LAS VEGAS (KLAS) — A Las Vegas native believes skeletal remains found at Lake Mead last month could be his father who died more than six decades ago.
Daniel Kolod was 22 when he drowned in Callville Bay in 1958. His body was never recovered.
Water levels at Lake Mead have dropped drastically since their peak levels first reached in the 1940s and then again in the 1980s. The lake dropped below 1,044 feet in elevation on Thursday – nearly 200 feet below the elevation when it is full.
Lake levels are expressed in altitude, not depth. At its highest levels, the lake is near 1,225 feet.
“After he drowned, I was told that he ‘went away,’” Todd Kolod, Daniel Kolod’s son, told the 8 News Now I-Team from his home in Spain.
“He went out regularly,” Todd Kolod said. “He ran out of people to give fish to.”
Todd Kolod was 3 years old when his father drowned. Daniel Kolod was on a speed boat with a friend when they hit a wake. Both men flipped and fell into the water. Only one survived.
Witnesses found the boat circling on its own about a mile from the drowning site near Swallow Bay, documents reviewed by the I-Team said. Onlookers said they saw Kolod drown in Callville Bay. Crews, including divers and a helicopter, never found his body.
As the lake recedes, more of its secrets are revealed. What once was a popular spot for swimmers and boaters in Callville Bay is now sand littered with debris, including boats, propellers and chairs. Relics from the good times in the lake’s past are now visible on its newly exposed shore.
Since the lake’s filling in the 1930s, 300 people have drowned in its waters, park service officials said. The number does not reflect the people whose bodies have not been recovered.
In May, kayakers discovered the skeletal remains not far from where Daniel Kolod is believed to have drowned. Police and park officials determined the death was not suspicious.
“When I saw Callville Bay, my eyes bulged wide open,” Todd Kolod said.
Todd Kolod, watching the news reports from across the Atlantic Ocean, thinks the remains could be his father.
“Is something telling you, ‘I really think it’s him?’” The I-Team’s David Charns asked Todd Kolod.
“I’m just lining up the clues,” he said.
One clue surrounds Daniel Kolod’s teeth. He was in a car crash a few years before he drowned and lost his front teeth, Todd Kolod said, adding his father wore a partial denture.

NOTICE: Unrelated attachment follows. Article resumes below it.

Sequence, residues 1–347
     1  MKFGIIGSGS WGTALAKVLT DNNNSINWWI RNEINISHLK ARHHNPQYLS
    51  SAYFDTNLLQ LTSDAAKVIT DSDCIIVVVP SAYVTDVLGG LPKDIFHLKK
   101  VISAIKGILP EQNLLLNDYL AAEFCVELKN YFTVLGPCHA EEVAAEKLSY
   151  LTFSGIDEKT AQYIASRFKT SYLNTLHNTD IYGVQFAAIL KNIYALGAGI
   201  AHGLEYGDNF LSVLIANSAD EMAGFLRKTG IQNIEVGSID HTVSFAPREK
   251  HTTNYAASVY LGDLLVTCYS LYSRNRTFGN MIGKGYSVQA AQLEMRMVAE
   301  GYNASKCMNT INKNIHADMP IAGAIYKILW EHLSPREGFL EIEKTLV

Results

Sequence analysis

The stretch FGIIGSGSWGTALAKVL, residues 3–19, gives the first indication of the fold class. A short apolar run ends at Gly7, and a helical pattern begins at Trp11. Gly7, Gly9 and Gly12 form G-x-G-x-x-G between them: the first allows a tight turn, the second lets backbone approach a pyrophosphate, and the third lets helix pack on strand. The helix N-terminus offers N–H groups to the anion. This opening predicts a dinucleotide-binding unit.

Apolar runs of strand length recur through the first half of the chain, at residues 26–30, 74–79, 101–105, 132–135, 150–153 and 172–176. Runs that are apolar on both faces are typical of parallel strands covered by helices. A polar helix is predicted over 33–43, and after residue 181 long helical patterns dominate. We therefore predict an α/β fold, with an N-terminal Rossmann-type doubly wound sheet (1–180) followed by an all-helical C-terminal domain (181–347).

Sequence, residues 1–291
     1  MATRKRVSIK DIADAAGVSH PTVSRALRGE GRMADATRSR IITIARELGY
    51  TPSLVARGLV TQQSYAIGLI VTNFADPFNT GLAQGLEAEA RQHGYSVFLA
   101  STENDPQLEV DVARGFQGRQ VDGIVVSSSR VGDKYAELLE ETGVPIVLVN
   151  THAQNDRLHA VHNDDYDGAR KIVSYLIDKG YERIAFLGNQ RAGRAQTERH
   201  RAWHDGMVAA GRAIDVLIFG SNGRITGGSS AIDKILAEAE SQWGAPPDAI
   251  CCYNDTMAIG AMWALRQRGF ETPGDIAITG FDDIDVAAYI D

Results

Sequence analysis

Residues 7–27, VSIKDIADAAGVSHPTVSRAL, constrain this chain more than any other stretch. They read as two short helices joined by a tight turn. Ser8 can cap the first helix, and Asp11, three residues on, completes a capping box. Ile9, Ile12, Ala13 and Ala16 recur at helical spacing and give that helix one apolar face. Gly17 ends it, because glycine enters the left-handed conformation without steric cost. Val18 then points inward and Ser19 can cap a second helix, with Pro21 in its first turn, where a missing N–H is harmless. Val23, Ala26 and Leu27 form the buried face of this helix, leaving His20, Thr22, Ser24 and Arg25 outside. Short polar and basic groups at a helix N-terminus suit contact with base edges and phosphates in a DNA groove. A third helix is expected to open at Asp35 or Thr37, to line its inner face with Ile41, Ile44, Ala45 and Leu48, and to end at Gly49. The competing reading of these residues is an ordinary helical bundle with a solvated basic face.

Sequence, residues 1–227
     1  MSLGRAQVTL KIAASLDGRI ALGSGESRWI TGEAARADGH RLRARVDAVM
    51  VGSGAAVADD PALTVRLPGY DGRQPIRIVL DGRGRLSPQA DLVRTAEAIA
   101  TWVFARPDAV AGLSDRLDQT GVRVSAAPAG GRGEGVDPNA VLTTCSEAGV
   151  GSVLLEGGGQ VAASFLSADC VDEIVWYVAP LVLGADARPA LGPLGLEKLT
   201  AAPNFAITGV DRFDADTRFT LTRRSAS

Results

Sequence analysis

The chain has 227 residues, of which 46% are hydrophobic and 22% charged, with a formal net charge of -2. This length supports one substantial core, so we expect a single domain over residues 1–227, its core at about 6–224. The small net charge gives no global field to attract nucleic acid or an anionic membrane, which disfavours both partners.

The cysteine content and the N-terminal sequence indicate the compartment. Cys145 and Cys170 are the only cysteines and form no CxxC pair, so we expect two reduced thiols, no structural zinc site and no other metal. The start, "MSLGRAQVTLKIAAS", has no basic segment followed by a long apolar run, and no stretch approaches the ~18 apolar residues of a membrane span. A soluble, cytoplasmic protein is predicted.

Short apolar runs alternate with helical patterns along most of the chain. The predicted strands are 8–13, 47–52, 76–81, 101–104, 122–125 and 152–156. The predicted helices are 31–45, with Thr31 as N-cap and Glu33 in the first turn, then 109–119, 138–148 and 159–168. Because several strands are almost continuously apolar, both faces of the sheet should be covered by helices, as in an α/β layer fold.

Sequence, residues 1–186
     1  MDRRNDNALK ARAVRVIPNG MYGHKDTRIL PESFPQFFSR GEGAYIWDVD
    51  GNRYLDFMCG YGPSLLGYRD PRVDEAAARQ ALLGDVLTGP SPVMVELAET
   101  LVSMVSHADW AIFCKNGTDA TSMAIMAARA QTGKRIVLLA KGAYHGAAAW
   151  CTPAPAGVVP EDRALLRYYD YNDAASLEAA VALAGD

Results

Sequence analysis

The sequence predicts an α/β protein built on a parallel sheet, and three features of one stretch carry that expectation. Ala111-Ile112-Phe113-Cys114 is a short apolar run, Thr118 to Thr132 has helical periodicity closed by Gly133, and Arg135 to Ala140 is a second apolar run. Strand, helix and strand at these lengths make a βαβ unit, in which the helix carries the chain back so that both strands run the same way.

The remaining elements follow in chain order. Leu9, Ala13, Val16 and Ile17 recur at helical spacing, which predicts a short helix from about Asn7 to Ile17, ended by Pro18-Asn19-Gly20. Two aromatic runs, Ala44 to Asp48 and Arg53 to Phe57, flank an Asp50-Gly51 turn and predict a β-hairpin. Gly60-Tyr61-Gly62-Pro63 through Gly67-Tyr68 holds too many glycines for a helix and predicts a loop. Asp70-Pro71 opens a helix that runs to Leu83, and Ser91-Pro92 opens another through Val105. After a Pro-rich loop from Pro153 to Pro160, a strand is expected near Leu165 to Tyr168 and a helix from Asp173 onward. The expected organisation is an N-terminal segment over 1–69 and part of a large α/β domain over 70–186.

The I-Team brought photos of the remains and Daniel Kolod’s story to Dr. Deborah Staten, owner and dentist at Desert Hills Dental. Staten is certified in helping identify remains from dental records. Oftentimes, teeth are the last resort in trying to identify the victim of a crime because bones do not decay.
“Bone and teeth are solid, which is why they become this gold standard for identification because they don’t change,” Staten said. “If it just sat there undisturbed, it’s probably how it arrived there.”
“What sticks out to you in this photo, particularly as a dentist?” Charns asked Staten.
“Well, that there are only four teeth in particular,” Staten said.
“What can you learn from someone’s teeth?” Charns asked.
“There’s a lot,” she said. “Teeth are a signature basically, just like your fingerprint.”
Staten said it is clear the skeleton is missing its front teeth, but she believes the person was missing other teeth before their death.
“I feel like those front ones were freshly removed,” she said.
Simply based on the photos, Staten could not go any further. The key, she said, is finding Daniel Kolod’s dental records, but it is almost certain they were destroyed.
There was no DNA testing in 1958. Getting a sample from Todd Kolod today and matching it with the remains is the only way to potentially solve this mystery.
“My grandfather, he did everything he could to find the body,” Todd Kolod said. “I just assumed finding the body was an impossibility.”
For a son who does not remember his father, what was once impossible could now be possible with time.
“This could be my dad, or my dad could be the next discovery,” he said.
In an unrelated case, Metro police and the FBI are working to identify the body found in a barrel in May. The person, believed to be a man, is suspected to have been murdered in the late-1970s or 1980s, investigators said.
The Vegas Justice League, a group of entrepreneurs that have given money to Las Vegas Metro police to help solve cold cases, has offered to pay for the processing of the DNA in that case, league member Justin Woo told the I-Team.
As the I-Team has reported for years, Lake Mead was a popular dumping site for murderers. Police said they suspect they will find more barrels with bodies as the lake recedes. Lake Mead will drop nearly 30 feet from its current level by September of 2023 if forecasts released Thursday are accurate.
Police said they have received many tips about the person who was in the barrel.
Tips can be submitted anonymously through Crime Stoppers by calling 702-385-5555 or at crimestoppersofnv.com/report-a-crime. Information can also be sent via text by sending “CRIMENV” and then your message to “CRIMES” (274637). Crime Stoppers offers a reward for information that leads to an arrest.